Really puzzled Dan Burn’s loan back. I wonder if he’s going to be out injured until Nov and the loan from #bhafc point of view is that he’ll stay to get fit and playing before a Jan move. From #wafc point of view, we get a player for 2 months or so and the deal calms fan concerns

Studds40 on Latics Speyk added:

It’s a good deal for us. Good fee, good terms, if he returns on loan.

Personally, I don’t think he’s Premier League quality, so don’t understand what Brighton get out of the deal. Unless he’s a back-up for injuries or potential relegation.

Kipre still young and has a lot to prove. But it shows what kind of player you can pick-up around the £1m mark. Be interesting to see what moves we make in the next few hours.

Hindley Blue on the Cockney Latic Forum commented:

Good luck to the lad and I wish him every success as he was great for us and always gave 100%. I’m just really shocked a Prem team wants him, milk turns quicker and imo he’ll get found out.

Chris Stafford on The Boulevard of Broken Dreams commented:

Is it just me that thinks this Dan burn deal is a fantastic deal ?? He’s leaving at end of season anyway by the looks of it so would probably go for nothing but instead we are getting around £4 million for him and he’s being loaned back to us by all accounts ? We can now go and spend a bit of money today if needed

Duncan Holder responded:

 If anyone thinks we can survive financially without selling players each season they need to give their heads a wobble!! Got him on a free and sell him for decent profit.

Peter Millward @PeteMillward79 tweeted:

I’d be gutted if @mp_1825 left us. I really like the lad. Infectious enthusiasm. Seems so important to us he squad #wafc

Alan Farrimond @AlanFarrimond tweeted:

I also like him as a lad and there’s no doubt he likes us, but I do have concerns as to whether he can hack it in Championship. Also we have an abundance of CM players and we can’t keep them all happy, so good luck to the lad.

WillJones89210 on Latics Speyk commented:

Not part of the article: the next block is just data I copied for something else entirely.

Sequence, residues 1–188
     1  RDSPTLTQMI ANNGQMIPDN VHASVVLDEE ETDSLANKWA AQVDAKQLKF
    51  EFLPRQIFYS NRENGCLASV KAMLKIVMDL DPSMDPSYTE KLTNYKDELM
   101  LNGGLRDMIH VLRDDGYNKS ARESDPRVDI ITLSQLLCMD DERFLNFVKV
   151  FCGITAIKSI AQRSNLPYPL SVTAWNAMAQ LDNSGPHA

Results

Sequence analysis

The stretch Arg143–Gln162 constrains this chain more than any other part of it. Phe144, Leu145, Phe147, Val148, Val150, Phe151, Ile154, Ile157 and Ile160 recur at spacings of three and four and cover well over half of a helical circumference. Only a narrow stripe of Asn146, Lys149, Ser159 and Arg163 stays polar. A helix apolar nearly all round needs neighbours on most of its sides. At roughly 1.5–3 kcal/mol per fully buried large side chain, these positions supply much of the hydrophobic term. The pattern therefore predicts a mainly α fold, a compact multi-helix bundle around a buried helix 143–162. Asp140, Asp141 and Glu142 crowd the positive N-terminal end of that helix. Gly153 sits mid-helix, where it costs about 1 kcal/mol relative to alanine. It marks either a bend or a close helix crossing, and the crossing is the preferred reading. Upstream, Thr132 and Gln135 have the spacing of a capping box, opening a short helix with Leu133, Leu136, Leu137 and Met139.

I love max he’s my favorite player and I’ll be sad to see him go because of his passion and style of play. That said he has never been a fit for cooks system. His strengths are not as a holding midfielder never will be. He may be good enough for the championship but I don’t think he is in cooks system. With Connolly Gibson Morsy Macdonald and lopes we have pleenty of options 3 of which are probably as good if not better. From a footballing perspective purely it makes sense to sell if we get a decent fee.

Stuart Glover @StuartGlover tweeted:

Don’t forget Power wanted to leave last season and wasn’t all that effective in Championship year before (though few were). McDonald is better and may allow Morsy to get a little further forward.

C_Latic on Latics Speyk commented

Got no problem losing Power if the fee is right. We’ve upgraded in Connolly. The only worry I have is that Max is a great character and I’m guessing a key figure in the dressing room. Very much a Bullard type. It’s vital we don’t lose that togetherness as that group of players who have been with us since around 2015 start to dwindle.

MightyTics on Latics Speyk commented:

WIGAN. SHEFF U. Evans deal is on. Truly stunned by that.

 Martin @_MartinWAFC tweeted:

Very happy with midfield options of Morsy, Gibson, Evans and MacDonald #wafc

KingdeZeeuw06 on Latics Speyk commented:

I’m absolutely made up if we get Evans back – it was a huge mistake to not sign him when he went Sheff U. I’ll be over the moon if we do that deal. Wow!